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Connecting Boomer Exercise And Writing



Talk writing with a boomer, with anyone, and you hear a common story.

“I’m going to write my novel (memoir, short story, or poem) when I retire.


“I’ve got it all figured out in my mind. Now all I need to do is find the time.”


“I’d like to write something, but all the good stories are taken.”

What are they really saying? If they know you’re a writer working on project after project, they’re telling you your work sucks. If they’ve never read a word you’ve written, then they’re telling you that you suck.

If you have time to write, you must be ignoring the more important parts of life. You must live in a fairy land disconnected from more pressing realities.

Do them a favor, baby boomer, and invite them to your place so they can see piles of dirty laundry, stacks of unwashed dishes dating back to 2013. Tell them to wear a mask because your house is dirtier than a hoarder collecting dust bunnies.

Explain how you find time to write by ignoring hygiene and cleanliness to the point of it becoming a health hazard.

“What’s that smell?” they ask.

You’re cat’s been missing for over a week, but you don’t say so.

After they leave, and don’t worry about them staying too long because they won’t, take a moment to reflect on what they’ve seen and how it affected them.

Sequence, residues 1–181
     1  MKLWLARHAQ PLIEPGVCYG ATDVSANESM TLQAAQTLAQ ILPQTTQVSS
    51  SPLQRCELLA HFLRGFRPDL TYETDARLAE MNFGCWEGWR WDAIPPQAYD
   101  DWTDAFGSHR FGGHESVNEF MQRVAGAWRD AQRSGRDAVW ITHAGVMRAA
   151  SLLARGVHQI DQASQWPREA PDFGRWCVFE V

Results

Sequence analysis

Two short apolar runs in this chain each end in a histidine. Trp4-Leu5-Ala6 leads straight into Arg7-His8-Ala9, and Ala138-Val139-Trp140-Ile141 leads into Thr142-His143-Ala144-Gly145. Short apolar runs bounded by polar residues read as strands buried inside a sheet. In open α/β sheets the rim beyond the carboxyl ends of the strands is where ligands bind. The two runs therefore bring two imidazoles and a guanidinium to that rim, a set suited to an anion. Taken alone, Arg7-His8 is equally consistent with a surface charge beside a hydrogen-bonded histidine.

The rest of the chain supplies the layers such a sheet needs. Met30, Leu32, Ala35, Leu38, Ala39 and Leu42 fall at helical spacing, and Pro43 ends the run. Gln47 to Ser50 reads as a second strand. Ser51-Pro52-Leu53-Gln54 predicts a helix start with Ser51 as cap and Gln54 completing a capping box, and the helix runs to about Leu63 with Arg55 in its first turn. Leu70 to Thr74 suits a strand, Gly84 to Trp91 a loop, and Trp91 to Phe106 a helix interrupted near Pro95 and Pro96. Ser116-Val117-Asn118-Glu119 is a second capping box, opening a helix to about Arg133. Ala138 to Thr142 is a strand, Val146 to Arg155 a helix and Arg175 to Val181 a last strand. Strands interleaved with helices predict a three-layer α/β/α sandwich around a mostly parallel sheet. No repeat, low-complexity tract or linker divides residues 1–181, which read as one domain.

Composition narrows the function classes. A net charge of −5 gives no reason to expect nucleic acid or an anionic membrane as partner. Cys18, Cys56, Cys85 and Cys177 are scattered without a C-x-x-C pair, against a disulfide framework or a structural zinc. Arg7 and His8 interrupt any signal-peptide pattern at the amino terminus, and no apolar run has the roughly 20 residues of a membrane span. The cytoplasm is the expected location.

They either saw an artist deeply committed to their work, or a burned out husk circling the drain of lost dreams.

They either heard a communicator striving for a greater audience, or a delusional geezer pretending to make a difference.

What do they feel afterward? They feel like they’re better than you, and they probably are. Their retirement novel will surpass anything you squeeze out. The story structure in their mind is better than anything you learned throwing good money after bad on ‘writing classes’ and adult education.

Even if they don’t write anything because all the good stories are taken, even if they quit before they start, they’re better than you because they’re better at life.

Well, that’s the bad news.

The good news is they’ll probably die sooner than you in spite of the unhealthy environment surrounding you.

Why? Because they use the same excuses to avoid regular exercise that they use to avoid writing. It might sound different, but it means the same thing.

“I’ll get into a regular workout routine when I have time, like when I retire.”

“I’m in pretty good shape right now.”

“Why bother, I’ll never regain the body I used to have.”

Creative work and exercise both rewire the brain to our benefit. Don’t take boomerpdx’s word for it, though. Ask NPR what they think.

Don’t trust lefty propaganda? Ask the NY Times. They’ll tell you how inactivity changes the brain in an article titled ‘How Inactivity Changes The Brain.’ Pretty straight forward, don’t you think?

Ask the Washington Post what they think.

You may die physically from inactivity, so get up and show some life.

You will die mentally if you ignore the story you have, but won’t write down. It’ll eat away at you little by little until there’s nothing left.

And you don’t have to lift a finger.



About David Gillaspie


  1. Spot on, on both counts.

    • David Gillaspie says:

      So many scare tactics out there to get people to move, but most are missing one important message: It’s not that hard.

      Most of the time I work at a standing desk. When I sit down I find an easy excuse to stay seated. One more sentence, one more paragraph, one more page. Two hours later with sleeping feet. Yikes.

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